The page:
A B.C.-based property management company is preparing to roll out an enterprise content management system that will let managers pay suppliers faster and get information to customers much more quickly.
Baywest Property Management Services has already started running about 10 per cent of its invoices through EMC’s Documentum product and will be scaling the implementation over the next several months. A second phase, which will focus on the many forms Baywest offers to potential property owners, will launch next month.
Based in Surrey, Baywest employs more than 100 people and processes about 70,000 invoices for more than 6,000 vendors. Besides Documentum, the company is using EMC’s Captiva InputAccel for data capturing purposes.
David Meredith, Baywest’s information systems developer, said the company has traditionally managed content on a common file server. An application in Captiva called Dispatcher will now use intelligent document recognition to automatically determine the template of a file based on graphic features, text or keywords. This helped Baywest to centralize its invoicing into a single location from four, and eliminate the need to route documents back and forth about all the 550 properties it manages.
Many of the vendors Baywest deals with, such as leasing companies, are small, Meredith said. That’s why he created an Excel spreadsheet with a standard invoice template to help them streamline their processes. Baywest is also urging vendors to consider using fax or e-mail instead of surface mail, since much of the front-end work involves manually scanning invoices into the system.
“I don’t see us strong-arming people on this, but I when people are e-mailing or faxing, we can give them better response time. We can pay them faster.”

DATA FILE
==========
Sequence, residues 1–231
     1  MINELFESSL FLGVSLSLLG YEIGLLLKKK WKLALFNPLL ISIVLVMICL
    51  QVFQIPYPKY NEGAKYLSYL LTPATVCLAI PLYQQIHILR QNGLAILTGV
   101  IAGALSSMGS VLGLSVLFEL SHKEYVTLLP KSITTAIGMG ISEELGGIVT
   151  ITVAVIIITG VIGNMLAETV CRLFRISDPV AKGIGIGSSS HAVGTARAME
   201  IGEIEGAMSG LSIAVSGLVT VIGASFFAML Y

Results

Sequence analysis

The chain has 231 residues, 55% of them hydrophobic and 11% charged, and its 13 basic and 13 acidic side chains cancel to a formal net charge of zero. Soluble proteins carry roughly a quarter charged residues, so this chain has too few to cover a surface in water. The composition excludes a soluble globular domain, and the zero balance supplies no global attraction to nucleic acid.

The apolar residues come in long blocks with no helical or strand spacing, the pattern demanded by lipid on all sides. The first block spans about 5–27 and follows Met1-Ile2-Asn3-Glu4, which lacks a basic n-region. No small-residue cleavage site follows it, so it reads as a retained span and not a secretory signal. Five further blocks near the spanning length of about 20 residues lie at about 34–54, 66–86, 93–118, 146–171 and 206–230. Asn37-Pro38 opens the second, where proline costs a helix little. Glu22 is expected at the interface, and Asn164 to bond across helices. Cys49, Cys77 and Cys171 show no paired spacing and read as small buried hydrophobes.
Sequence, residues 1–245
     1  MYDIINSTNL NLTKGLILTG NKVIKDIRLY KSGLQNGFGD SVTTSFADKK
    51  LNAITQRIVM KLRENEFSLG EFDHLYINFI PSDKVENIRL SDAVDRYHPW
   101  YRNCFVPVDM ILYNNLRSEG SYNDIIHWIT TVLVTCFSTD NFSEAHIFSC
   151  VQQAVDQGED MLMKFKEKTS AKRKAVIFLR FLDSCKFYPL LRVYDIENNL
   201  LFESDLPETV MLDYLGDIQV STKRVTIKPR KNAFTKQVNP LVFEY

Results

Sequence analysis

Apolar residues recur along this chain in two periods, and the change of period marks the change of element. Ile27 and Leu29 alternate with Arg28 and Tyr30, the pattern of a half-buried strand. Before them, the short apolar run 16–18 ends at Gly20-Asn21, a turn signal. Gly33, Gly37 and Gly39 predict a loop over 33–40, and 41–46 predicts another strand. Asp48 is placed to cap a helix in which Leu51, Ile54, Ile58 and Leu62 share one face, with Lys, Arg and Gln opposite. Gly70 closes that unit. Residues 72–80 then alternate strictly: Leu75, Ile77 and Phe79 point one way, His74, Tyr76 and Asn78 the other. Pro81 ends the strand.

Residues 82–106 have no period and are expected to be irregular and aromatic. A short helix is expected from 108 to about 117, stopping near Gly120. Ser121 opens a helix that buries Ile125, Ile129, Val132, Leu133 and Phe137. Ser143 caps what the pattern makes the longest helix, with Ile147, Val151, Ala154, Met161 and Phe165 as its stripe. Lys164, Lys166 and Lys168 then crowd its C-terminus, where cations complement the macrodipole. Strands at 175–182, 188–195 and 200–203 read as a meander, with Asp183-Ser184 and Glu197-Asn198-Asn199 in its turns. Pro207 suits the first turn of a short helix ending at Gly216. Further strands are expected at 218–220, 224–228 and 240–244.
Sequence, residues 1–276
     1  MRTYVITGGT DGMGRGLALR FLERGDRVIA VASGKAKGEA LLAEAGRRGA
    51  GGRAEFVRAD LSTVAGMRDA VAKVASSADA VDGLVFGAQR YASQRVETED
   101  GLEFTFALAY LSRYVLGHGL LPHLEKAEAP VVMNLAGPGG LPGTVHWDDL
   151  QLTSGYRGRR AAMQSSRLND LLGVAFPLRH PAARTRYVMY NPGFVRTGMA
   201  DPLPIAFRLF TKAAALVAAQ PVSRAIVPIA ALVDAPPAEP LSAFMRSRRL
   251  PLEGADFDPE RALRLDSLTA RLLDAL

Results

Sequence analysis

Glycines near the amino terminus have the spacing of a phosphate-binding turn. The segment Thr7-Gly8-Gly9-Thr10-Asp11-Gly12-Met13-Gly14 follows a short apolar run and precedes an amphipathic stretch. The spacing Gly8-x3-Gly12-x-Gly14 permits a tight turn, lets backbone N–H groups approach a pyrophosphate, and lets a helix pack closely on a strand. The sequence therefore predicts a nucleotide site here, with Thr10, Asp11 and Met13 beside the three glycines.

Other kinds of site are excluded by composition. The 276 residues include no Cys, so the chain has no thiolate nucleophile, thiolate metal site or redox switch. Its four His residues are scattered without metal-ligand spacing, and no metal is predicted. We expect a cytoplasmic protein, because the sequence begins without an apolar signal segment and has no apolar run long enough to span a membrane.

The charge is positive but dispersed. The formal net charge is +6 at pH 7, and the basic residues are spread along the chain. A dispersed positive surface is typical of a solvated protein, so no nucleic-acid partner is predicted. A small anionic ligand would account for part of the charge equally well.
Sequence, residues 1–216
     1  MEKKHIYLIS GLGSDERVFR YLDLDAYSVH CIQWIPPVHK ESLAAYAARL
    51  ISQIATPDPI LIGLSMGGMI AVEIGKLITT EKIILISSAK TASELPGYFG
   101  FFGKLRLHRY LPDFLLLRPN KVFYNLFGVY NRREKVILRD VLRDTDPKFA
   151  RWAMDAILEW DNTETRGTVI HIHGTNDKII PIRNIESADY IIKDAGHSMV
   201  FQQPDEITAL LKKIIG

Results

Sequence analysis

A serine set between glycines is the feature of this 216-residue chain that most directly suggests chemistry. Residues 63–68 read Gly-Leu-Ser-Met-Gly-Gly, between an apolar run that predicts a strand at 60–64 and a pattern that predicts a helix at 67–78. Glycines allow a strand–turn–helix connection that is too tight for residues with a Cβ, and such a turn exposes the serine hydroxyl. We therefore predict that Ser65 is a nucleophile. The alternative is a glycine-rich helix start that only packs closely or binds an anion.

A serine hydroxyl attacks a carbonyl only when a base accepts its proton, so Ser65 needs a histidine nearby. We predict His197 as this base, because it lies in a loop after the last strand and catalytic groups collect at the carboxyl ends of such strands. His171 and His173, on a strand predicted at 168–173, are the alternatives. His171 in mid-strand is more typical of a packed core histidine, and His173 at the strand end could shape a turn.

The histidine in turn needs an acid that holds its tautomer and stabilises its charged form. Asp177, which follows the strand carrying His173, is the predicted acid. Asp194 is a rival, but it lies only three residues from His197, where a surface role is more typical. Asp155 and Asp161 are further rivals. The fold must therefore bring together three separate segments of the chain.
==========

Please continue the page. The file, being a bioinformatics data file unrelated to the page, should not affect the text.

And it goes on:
Once invoices are entered into Captiva, they are exported into Documentum, routed to a building manager for approval, and sent to the accounts payable department. Meredith said his team has built a program from scratch, which they call WorkPoint, which will act as a front-end to the process before content is exported to the accounting database.
“It’s a tool for viewing and editing metadata within a unified framework that really allows our managers to interact with the workflow items in a meaningful way,” he said. “We’ve made it flexible enough for any workflow item. You can edit in Word, and soon you’ll be able to edit in Excel.”
Forrester Research analyst Kyle McNabb said such customization is typical in many enterprise content management (ECM) projects, but it isn’t always necessary.
“A lot of organizations over-engineer the workflow,” he said. “There are tools that you can get from a lot of vendors which have matured to the point that they’re fairly powerful. That power and flexibility can intimidate an IT implementation team.”
Managing forms is part of the “grand finale” of the project, Meredith said.
“We’re legally required to provide certain documents to potential owners – mortgages, leans on the property, as well as bylaws, rules, engineering reports,” he said. “Keeping track of all these documents and making sure on the forms side that none of these things slipped through the cracks is a big job.”
The project lay dormant for the first year, Meredith said, because there was only one IT person at the time who was managing the accounting database. There is now a team of two people working on Documentum full time. The second year was mostly spending migrating users out of the old file server environment. Now the focus is on establishing a unified folder structure, naming conventions and the reporting structure, he said.
“It’s going pretty well,” he said. “We just need to take a few steps and tweaks to make (the system) faster and bring more efficiency.”
McNabb said EMC’s Documentum was probably the second-largest vendor in the enterprise content management space, after IBM.